Africa is one of the areas of the world where proteincalorie malnutrition (PCM) of childhood is especially prevalent. A review of literature revealed causes and incidence of PCM in Africa, general pathological signs of PCM, and efforts in Africa to overcome PCM through protein supplementation. The effect of red pepper on the gastro-intestinal tract was also reviewed.
The purpose of this study was to evaluate three indigenous West African foods--peanuts, black-eyed peas, and egusi seed—as protein supplements when added to the basic West African diet of plant origin. The protein supplements were chosen because they met the criteria of economy, availability. and acceptability to the people of that area.
To test the value of these foods, experiments were conducted using weanling Sprague-Dawley male albino rats. The comparative value of these protein supplements were demonstrated through the following observations of the animals: growth (through weekly weights), food efficiency ratio (through comparing weight gain to amount ingested), endurance (through swim tests) , and organ weights. The effect of red pepper and protein supplements in the West African diet was tested in 1-uX the number and extent of gastro-intestinal lesions.
Five staples commonly used in West Africa (cassava, yam flour, plantain, rice, and corn) served as a basal diet in Experiment I. With this basal diet, the three supplements were each tested at three levels and in combinations to determine the most appropriate level of supplement to use in Experiment II. All levels were in a range felt to be within the limits of human consumption.
In Experiment II, a week's estimate of a typical diet of plant origin for a West African adult was formulated. Foods for each of the seven days were listed, and from this, the per cent contribution for each food in relation to the total diet was determined. The complete diet was termed the Basic West African (BWA) diet, and it served as the basis for supplementation in this experiment. Because a 28 per cent level of peanuts in the diet seemed to prove more effective on growth rate than other levels, the same level of supplementation was used for the three supplements or combinations of these to the diets.
Using a basal diet supplemented with peanuts, two diets were formulated for Experiment III, the only difference being the presence or absence of red pepper. With these diets, the possible effect of red pepper as used in the African diet on the gastro-intestinal tract in relation to protein utilization was studied.
Data was submitted to statistical analysis from all of the tests done except from the maze study, in which case the animals apparently lacked sufficient motivation for the test. The statistical analysis from the other tests demonstrate that the level of protein is markedly increased by supplementing the West African diet, and that the increase in protein content in the diet is significantly related to the growth response in animals. The data also indicates that not all protein supplements are equivalent in quality or in their supplementary value to the basic West African diet. Statistical pooling of diets indicates a highly significant relationship between growth and brain and muscle weights, as well as between brain and muscle weights. Analysis of data also showed that animals that do not grow well also have a loss of physical endurance.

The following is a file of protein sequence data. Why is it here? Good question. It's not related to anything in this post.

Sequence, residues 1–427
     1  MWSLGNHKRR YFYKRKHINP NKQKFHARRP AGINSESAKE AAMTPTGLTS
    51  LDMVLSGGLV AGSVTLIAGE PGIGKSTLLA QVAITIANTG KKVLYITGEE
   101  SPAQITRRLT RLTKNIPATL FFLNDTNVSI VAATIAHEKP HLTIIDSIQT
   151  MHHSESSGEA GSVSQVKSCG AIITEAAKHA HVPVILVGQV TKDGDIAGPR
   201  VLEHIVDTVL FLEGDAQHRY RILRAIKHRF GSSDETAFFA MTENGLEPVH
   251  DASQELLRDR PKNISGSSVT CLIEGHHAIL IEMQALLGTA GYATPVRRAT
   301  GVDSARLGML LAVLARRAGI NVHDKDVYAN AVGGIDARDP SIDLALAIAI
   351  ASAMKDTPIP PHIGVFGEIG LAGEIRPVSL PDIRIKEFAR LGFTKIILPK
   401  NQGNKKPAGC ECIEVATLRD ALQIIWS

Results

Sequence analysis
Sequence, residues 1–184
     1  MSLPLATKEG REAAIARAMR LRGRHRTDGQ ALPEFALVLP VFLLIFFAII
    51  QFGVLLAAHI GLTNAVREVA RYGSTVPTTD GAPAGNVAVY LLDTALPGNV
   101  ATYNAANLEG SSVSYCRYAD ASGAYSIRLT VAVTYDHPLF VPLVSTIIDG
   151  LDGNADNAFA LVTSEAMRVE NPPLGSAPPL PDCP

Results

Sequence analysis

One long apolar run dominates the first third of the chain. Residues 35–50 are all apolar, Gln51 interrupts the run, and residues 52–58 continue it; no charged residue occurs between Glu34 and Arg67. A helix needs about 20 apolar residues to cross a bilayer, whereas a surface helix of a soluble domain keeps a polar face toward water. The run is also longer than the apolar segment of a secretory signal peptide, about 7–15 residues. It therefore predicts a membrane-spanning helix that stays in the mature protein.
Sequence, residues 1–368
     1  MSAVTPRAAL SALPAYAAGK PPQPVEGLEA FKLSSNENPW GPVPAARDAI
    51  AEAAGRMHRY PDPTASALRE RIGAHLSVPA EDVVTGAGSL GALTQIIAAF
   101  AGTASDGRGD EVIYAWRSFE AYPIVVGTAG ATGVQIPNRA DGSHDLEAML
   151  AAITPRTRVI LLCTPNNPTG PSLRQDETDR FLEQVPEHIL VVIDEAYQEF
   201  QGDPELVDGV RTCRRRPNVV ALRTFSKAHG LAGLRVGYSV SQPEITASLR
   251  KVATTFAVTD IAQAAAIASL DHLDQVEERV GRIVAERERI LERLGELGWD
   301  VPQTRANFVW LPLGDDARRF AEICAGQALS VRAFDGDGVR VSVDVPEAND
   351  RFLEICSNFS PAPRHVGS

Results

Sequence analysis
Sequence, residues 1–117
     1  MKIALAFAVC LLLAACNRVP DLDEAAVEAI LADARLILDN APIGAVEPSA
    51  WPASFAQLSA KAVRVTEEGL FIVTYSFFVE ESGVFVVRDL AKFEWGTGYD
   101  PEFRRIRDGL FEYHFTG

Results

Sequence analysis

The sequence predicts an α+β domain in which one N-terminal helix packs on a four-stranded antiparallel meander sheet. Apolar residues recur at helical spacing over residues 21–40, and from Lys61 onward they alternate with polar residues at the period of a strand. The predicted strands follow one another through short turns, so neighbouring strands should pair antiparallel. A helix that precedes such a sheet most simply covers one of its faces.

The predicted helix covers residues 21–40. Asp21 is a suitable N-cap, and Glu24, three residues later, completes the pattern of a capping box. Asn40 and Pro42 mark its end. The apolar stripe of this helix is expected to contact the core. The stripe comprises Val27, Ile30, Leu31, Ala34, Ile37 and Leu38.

The efficiency of utilization of the diet is markedly improved by the supplements, regardless of which is used, egusi being the poorest one. The best growth was observed with peanuts and black-eyed peas, or black-eyed peas and (This excludes the experiment with soy.) a significant difference in organ weights studied in rats on egusi. There was a supplemented and unsupplemented diet.
On the data from gastric-pathology studies, there was no significant difference except in the case of gastric mucous production in Experiment II, and none seen in Experiment III.
These studies suggest that as more peanuts, black-eyed peas, and egusi are incorporated into the West African diet, body weight, brain weight, and muscle weight are significantly increased. These results demonstrate for the first time known that locally available foods in West Africa are fully capable of markedly improving physical stamina and brain development in animals. This provides a rationale for a nutrition educational program for West Africans.
R. Maureen Maxwell
Harriet M. Sands
Master of Science (MS)
Year Degree Awarded
Date (Title Page)
Library of Congress/MESH Subject Headings
Nutrition -- Africa, Western; Plants, Edible -- Africa, Western
Loma Linda University Libraries
This title appears here courtesy of the author, who has granted Loma Linda University a limited, non-exclusive right to make this publication available to the public. The author retains all other copyrights.
Fuller, Aletha B., "Evaluation of the West African Diet of Plant Origin" (1970). Loma Linda University Electronic Theses, Dissertations & Projects. 580.
Loma Linda University Electronic Theses and Dissertations
Loma Linda University. Del E. Webb Memorial Library. University Archives